On September 18, voters in Scotland will decide in a simple “yes/no” referendum whether to become an independent country or to remain within the United Kingdom, which came into existence in 1707. This week, London’s Tory press hit the panic button when two polls showed the unionists’ lead had been cut to five or six points and stalled, while the pro-independence vote was gathering momentum.
Millions of people of Scottish ancestry around the world can’t vote, and that is sensible from a practical and financial point of view. But if they could, diaspora Scots (including me) would vote to become independent. Australia’s Prime Minister Tony Abbott doesn’t have a vote either, but there’s no doubt as to which way he would vote if he could. In London in mid-August, Abbott impudently said the supporters of an independent Scotland were “not the friends of justice, not the friends of freedom”. It was a sweeping condemnation of the Scots whose commitment to freedom, justice, human rights and civil rights is part of their national character.
Scottish First Minister Alex Salmond dismissed Abbott’s remarks, saying:
“Tony Abbott has a reputation for gaffes, but his bewildering remarks have all the hallmarks of one of the Westminster government’s international briefings against Scotland.
“Many Australians, including the great number with close Scottish connections, will look on in bafflement at these remarks — Australia is a country that has gained its independence from Westminster and has never looked back.”
Up to a point, wee Eck, up to a point.
Abbott is looking back; he’s always looked back. It’s congenital with him. Without consulting his own party or cabinet he reintroduced knights and dames to Australia. He’s ruled out having a referendum to choose an Australian as head of state. He wants Mrs Windsor to keep the job and then hand it over to one of her dysfunctional heirs. He wants to keep the Union Jack on the Australian flag, although a “yes” vote on September 18 would mean “the butcher’s apron” will be redesigned to remove the Cross of St Andrew. Will the Australian flag have to be amended too?
“Minds saturated by years of imperialist arrogance and colonial bigotry are used to throwing around the concept of independence, but they are very wary of it in practice …”
Soon Abbott and his fawners-in-chief Christopher Pyne and Scott Morrison will make Morris dancing a compulsory subject in the school curriculum, Bronwyn Bishop will be advocating young “gels” wear Pearly Queen outfits to speech nights, and Dame Vera Lynn’s wartime hits will be played at all state and federal conferences of the Liberal Party. Funnily enough, the very reverse is happening in the “Mother Country”. No one says he or she is British anymore; they say they are English or Scottish or Welsh or Irish. English is cool, British is uncool.
At the 2014 Commonwealth Games in Glasgow there were few acknowledgements of the “glorious” union. All-conquering England headed the medals table with 174 while Scotland limped behind in fourth place with 53. Scotland also had to endure snide comments from the (mainly English) broadcasters. Oh, and Australia came second with 137 medals, while “our” Queen (and the Kate and Will entourage) barracked for England.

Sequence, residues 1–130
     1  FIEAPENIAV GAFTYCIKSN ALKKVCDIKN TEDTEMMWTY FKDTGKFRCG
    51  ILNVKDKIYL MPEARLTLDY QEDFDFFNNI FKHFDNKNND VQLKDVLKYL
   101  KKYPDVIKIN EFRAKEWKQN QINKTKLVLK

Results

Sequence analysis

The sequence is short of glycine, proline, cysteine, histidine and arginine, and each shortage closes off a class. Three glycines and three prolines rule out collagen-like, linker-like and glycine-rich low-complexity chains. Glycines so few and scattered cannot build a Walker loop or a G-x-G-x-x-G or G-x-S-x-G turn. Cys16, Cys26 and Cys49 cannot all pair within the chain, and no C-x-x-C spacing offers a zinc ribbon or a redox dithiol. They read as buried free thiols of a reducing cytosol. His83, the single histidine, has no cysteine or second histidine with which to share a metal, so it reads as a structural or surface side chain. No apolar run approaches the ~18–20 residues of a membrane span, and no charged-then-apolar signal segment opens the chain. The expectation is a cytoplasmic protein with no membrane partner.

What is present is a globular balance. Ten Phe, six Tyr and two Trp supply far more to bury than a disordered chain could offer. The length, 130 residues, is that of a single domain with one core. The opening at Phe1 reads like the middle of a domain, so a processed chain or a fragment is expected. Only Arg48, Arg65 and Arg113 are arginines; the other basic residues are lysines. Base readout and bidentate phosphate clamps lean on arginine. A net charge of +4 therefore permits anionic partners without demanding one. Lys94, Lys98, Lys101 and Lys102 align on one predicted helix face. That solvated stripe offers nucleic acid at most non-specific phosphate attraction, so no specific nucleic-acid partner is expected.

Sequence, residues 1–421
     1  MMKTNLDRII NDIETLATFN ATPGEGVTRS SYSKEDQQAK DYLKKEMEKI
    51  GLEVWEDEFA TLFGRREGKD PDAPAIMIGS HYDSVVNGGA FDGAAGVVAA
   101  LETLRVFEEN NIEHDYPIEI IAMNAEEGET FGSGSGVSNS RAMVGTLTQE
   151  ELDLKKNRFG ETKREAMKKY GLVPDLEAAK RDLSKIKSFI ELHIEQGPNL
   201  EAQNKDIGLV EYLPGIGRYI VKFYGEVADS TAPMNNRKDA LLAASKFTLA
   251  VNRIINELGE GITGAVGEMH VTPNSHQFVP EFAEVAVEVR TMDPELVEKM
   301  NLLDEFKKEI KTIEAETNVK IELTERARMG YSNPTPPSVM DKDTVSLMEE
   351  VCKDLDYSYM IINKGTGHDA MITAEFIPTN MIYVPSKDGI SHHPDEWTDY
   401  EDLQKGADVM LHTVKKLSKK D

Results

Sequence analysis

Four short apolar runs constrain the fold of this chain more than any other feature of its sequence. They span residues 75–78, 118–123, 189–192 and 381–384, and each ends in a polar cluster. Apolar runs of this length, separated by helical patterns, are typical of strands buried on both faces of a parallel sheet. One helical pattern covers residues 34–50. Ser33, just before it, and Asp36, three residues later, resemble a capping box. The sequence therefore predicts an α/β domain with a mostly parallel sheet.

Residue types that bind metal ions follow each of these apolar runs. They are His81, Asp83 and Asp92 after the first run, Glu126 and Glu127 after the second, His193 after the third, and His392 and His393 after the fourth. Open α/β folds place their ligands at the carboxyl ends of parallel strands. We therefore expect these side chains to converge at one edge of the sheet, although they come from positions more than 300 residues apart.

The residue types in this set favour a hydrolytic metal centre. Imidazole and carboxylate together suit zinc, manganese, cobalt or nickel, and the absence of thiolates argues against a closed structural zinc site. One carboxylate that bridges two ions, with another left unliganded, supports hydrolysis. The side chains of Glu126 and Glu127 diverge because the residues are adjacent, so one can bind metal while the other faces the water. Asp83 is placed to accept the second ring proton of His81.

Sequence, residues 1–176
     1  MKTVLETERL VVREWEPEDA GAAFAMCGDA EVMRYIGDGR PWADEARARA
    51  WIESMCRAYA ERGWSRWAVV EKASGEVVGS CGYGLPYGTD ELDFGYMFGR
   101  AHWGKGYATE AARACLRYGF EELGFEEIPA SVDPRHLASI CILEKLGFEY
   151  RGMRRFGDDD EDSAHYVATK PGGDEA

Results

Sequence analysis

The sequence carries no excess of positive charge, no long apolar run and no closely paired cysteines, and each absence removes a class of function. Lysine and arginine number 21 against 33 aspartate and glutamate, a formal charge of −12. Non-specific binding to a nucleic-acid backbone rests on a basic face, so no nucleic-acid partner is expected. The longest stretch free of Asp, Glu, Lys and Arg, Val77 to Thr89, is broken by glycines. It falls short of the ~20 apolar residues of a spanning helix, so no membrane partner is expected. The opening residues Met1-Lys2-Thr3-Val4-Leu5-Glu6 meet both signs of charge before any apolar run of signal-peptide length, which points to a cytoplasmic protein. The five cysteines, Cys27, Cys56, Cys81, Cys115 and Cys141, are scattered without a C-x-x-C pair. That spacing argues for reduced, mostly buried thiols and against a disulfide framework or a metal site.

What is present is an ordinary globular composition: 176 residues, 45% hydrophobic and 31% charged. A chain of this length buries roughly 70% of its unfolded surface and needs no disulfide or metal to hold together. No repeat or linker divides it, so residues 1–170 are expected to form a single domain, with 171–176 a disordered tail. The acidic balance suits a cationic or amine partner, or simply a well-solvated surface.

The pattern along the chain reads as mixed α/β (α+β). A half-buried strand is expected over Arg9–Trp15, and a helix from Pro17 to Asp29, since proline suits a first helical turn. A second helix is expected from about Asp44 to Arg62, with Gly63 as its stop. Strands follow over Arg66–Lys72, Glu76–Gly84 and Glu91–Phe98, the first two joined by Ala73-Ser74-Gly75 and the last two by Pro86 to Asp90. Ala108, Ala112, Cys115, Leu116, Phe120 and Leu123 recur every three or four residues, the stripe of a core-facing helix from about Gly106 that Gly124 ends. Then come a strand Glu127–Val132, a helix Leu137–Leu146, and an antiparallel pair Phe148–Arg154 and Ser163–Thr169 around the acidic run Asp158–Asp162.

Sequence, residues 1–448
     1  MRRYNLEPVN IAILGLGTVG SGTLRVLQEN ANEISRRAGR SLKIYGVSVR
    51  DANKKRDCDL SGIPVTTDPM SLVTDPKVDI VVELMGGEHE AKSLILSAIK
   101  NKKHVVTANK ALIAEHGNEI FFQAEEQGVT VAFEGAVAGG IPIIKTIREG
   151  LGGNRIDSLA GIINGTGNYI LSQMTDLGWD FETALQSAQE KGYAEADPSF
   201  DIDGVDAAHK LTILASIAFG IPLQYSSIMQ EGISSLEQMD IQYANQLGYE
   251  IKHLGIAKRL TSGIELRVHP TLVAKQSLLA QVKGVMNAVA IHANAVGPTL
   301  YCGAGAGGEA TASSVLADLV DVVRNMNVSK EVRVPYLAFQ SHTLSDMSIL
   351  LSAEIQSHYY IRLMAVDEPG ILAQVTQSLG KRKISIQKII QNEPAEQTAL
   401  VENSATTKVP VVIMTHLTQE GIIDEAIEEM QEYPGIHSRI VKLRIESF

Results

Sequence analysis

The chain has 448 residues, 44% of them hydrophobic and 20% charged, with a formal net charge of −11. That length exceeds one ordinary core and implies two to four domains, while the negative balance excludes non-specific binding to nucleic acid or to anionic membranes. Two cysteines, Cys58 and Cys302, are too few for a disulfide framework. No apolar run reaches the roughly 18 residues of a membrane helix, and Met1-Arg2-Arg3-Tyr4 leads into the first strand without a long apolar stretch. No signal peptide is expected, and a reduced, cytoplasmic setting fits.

The “no” campaign (aka “Better Together”) has been such a rousing failure it still might give victory to the Scottish nationalists. Its message to Scottish voters is one of unremitting doom and gloom. Nicknamed “Project Fear”, the English-financed campaign has predicted the collapse of the Scottish economy and currency; Scotland’s expulsion from Europe, NATO and every other world body except the United Nations; skyrocketing taxes and prices; and political and cultural obscurity.
The BBC, the Murdoch press and television, the Tories and the British Labour Party have joined a popular front to oppose Scottish independence. There is a reason for this: minds saturated by years of imperialist arrogance and colonial bigotry are used to throwing around the concept of independence, but they are very wary of it in practice, especially when it is in their own backyard (e.g. Irish independence). London finally accepted India’s independence in 1947 but only after many decades of delay and then only with profound regret and a touch of relief. That marked the end of the empire.
The UK Prime Minister and Etonian alumnus David Cameron (surely a closet Scot with a name like that?) provided light relief when he blurted out during a referendum interview: “We want you to stay.” It was immediately compared to something a Tory upper class Englishman might say to his unhappy bride as she headed towards the door with a suitcase in one hand and passport in the other.
I find the polls and the English media coverage deeply unsettling because they appear to contradict all my natural Scottish pessimism. For example, the latest YouGov poll shows the gap between the two sides is narrowing and now stands at “yes” 47% and “no” 53%. The “yes” vote has increased 8% in the past month, during which time Cameron has declared war operations in Iraq /Syria and Ukraine without consulting the Scots or his fellow countrymen and women.
Scots may well take the view that it’s time to make their own history and leave the English to their own devices.